Previously, on Save the Pearls: After being swept away from camp by a river, Eden and Bramford snuggled, then insulted each other, and then Bramford put Eden on his shoulders so she could ride him back to the rest of their party.
So the chapter opens with Eden still perched on top of Bramford:
The mysterious maze of the jungle swallowed Eden into its dark, forbidding folds. Like craggy monsters, an army of trees reached for her.
Which is predictable, since, you know, she is sitting on the shoulders of a hulking 6+ foot tall Catman.
So Eden is all disoriented, but she thinks about how Bramford will protect her since he’s a “mighty predator”, and that makes her feel better. But then she worries out loud that the Huaorani will leave without them, or something. Bramford tells her to STFU because he’s trying to navigate, and she’s surprised he doesn’t know the way back exactly. When she expresses this, Bramford replies like this:
“Shhh!” He pinched her thigh.
I’m not sure if this is supposed to be the equivalent of the Dog Whisperer’s “Tsch!” or a kinky barely-restrained bit of corporal punishment. Eden yelps in pain, though, and Bramford yells at her to be quiet!
Eden stared at the large hand that gripped her legs and fumed. Some predator.
And this just adds to my confusion. Was the aggressive pinch supposed to be weaksauce or a show of manly dominance? Because it really sounds like Eden is unimpressed.
But Bramford’s pinching game increases after Eden gets some cobwebs stuck in her hair and screams:
Each time she made a noise, Bramford squeezed her again. In return, she groaned. From despair or pleasure, she couldn’t say.
This is seriously the worst road trip game ever.
I guess Eden stops whining though, because next we get a few paragraphs of imagery. Now that Eden’s eyes have adjusted to the dark of the jungle, she sees all sorts of things, including:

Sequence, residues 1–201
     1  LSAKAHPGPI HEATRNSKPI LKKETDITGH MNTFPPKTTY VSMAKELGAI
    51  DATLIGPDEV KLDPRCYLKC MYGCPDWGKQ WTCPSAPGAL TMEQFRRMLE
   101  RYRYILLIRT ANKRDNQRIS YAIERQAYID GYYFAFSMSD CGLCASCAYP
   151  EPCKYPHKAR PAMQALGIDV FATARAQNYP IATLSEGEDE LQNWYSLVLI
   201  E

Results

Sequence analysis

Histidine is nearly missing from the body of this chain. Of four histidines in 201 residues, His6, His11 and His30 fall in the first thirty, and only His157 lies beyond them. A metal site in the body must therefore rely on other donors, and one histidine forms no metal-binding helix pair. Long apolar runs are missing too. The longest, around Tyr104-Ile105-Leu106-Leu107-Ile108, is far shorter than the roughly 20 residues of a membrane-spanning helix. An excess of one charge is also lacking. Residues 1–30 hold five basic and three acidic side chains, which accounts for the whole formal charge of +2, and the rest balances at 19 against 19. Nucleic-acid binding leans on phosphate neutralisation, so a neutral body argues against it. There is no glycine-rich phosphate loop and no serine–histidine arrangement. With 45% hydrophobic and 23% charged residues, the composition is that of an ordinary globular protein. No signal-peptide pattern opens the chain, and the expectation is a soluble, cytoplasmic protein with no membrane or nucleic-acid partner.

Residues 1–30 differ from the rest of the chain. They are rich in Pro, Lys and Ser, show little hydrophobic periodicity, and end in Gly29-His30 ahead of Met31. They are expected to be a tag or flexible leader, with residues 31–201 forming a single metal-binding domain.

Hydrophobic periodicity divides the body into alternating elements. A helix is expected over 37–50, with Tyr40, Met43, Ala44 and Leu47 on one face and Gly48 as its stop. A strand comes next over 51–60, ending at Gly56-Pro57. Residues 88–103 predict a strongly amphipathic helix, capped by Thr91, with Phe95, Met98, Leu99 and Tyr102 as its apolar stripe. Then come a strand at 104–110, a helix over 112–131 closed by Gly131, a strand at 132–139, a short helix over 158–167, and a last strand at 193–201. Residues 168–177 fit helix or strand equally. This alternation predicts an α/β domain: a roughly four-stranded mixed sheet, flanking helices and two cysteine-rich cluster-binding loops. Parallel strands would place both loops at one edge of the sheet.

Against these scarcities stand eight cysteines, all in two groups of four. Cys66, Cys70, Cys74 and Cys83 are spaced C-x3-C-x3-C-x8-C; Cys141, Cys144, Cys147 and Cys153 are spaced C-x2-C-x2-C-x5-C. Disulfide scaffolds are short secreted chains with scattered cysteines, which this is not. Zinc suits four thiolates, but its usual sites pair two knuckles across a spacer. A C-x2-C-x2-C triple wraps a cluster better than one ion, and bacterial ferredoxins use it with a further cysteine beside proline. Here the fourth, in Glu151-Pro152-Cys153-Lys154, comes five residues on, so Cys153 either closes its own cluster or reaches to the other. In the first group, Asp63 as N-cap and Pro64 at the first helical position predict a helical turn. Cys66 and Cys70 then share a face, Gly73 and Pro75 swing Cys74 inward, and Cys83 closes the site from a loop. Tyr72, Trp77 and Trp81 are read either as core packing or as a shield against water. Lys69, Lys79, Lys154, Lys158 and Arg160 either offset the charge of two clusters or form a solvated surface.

Masses of sensuous orchids wrapped their spindly roots around tree trunks. Their passionate colors and exotic smells amazed her.
So, um, yeah. The jungle itself is a virile symbol of fucking.
She also sees some monkeys, and wonders if they’re judging her for being white.
Nothing continues to happen: Eden thinks about how steamy the jungle is (compared to the dry heat of the underground tunnels), and gets all sweaty. As she gets thirsty, Bramford hands her the water gourd, which I think is supposed to show how intuitively connected they are.
At each mysterious croak from the dark recesses, Eden pressed her knees tight against Bramford’s neck. Her fears drove her to cling to him. To her delight, a soft, low murmur rumbled through him. It washed over her, calming her anxiety and yet, arousing her desire.
This is clearly supposed to be hot. If you think it’s hot, well, you do you. But let’s remember that Bramford is charging through the jungle at top-speed, and Eden is SQUEEZING HIS NECK WITH HER THIGHS. It just sounds distracting, and a little bit dangerous. It’s just not the time or place for erotic asphyxiaation.
So then Eden’s all like “why am I feeling this way?” and thinks Bramford is “as mysterious as this jungle.” And she angsts about how can she ever trust anyone again after Jamal’s betrayal?
Some parrots take off, and Eden worries that there’s something lurking nearby. Bramford sniffs the air, and tells her that there’s a storm coming. Eden asks how he knows, and Bramford tells her that the jungle has quieted down and that the temperature has dropped. Then he condescendingly asks Eden if she can feel it. Eden says that she’s not getting data anymore (as she no longer has her life-band). Bramford’s response to this is really bizarre:
“Before you would have noticed the signs.” [ . . .] “About a million years ago, when you looked something like me.”
- First, I just love how Bramford seems to have forgotten that like two days ago, he was also a lowly human living in an underground dystopia city.
- Does Bramford think humans evolved from panther/snake/eagle hybrids?
- And Bramford doesn’t even need to go back a million years to find a time when humans would have been more attuned to nature. I feel like his Huaorani pals would probably be similarly aware of environmental changes, and they’re modern humans.